Krugman shows The State of the Euro, In One Graph
"What you see here is that borrowing costs for the troubled euro countries have dropped a lot. But it’s not because austerity policies have brought their debt under control — debt ratios are still rising, in large part because of shrinking economies and deflation. Instead, there has been a dramatic flattening of the relationship between debt and interest rates.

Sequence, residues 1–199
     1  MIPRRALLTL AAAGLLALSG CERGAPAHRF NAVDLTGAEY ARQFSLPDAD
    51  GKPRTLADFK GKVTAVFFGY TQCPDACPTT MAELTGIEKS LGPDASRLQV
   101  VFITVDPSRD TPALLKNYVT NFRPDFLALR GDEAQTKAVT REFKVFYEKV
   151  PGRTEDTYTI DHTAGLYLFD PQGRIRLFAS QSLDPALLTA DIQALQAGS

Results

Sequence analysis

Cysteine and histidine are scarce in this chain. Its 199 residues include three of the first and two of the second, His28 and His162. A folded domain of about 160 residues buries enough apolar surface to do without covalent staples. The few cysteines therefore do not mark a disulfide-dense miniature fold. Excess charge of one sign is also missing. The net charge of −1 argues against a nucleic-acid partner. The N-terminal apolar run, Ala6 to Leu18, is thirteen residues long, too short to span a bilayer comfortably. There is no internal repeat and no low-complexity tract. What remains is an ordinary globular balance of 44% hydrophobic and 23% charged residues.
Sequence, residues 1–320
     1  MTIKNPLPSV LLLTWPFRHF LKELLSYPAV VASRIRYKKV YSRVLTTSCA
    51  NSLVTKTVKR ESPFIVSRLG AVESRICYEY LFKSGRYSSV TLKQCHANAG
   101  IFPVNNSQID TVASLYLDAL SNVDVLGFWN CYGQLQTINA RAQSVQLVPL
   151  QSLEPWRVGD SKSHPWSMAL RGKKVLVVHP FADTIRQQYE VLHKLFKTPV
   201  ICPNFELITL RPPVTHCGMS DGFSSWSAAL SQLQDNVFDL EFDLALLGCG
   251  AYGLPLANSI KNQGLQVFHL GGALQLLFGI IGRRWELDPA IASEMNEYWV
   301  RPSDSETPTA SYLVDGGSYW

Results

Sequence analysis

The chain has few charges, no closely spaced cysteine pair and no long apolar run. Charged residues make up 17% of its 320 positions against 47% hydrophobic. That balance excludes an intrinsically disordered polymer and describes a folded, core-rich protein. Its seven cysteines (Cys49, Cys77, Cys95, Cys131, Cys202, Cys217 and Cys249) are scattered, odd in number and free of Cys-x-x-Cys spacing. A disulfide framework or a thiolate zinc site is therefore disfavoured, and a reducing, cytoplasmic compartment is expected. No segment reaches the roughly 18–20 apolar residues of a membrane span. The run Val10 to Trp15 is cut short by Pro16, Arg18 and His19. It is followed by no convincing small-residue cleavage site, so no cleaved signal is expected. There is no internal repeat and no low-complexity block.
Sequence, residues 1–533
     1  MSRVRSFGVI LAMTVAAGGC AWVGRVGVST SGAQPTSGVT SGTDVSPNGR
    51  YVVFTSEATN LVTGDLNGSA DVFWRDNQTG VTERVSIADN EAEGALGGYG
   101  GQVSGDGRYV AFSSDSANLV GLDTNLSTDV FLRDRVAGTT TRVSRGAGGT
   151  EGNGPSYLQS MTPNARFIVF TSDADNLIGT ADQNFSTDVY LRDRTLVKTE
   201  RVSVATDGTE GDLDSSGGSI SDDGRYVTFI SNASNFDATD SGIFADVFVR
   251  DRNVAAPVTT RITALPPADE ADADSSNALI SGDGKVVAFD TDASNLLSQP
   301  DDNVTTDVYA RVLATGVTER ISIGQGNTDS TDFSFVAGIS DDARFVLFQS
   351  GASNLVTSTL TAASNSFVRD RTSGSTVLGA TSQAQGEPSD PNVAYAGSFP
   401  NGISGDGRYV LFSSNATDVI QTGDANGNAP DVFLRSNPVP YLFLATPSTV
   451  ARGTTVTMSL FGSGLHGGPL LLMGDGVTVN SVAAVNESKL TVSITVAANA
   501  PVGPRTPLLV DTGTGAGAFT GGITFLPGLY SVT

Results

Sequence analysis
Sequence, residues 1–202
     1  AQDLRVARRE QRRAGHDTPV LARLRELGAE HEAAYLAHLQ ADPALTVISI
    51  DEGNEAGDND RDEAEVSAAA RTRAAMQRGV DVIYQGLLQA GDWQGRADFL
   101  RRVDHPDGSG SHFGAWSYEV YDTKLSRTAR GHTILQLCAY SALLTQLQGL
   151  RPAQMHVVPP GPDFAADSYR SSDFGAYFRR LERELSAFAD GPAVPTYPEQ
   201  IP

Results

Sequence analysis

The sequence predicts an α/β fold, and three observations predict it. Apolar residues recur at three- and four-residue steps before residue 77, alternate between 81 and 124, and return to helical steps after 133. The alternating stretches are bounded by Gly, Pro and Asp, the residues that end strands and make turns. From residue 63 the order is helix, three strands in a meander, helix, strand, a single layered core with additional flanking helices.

Why has this happened? The timing strongly suggests that it’s mainly the Draghi effect — that the ECB’s signal that it will, in a pinch, act as sovereign lender of last resort has removed much of the fear of self-fulfilling liquidity panics. It’s possible that there has also been some reduction in the political risk premium, because European nations are proving amazingly determined to stay on the euro at almost any cost."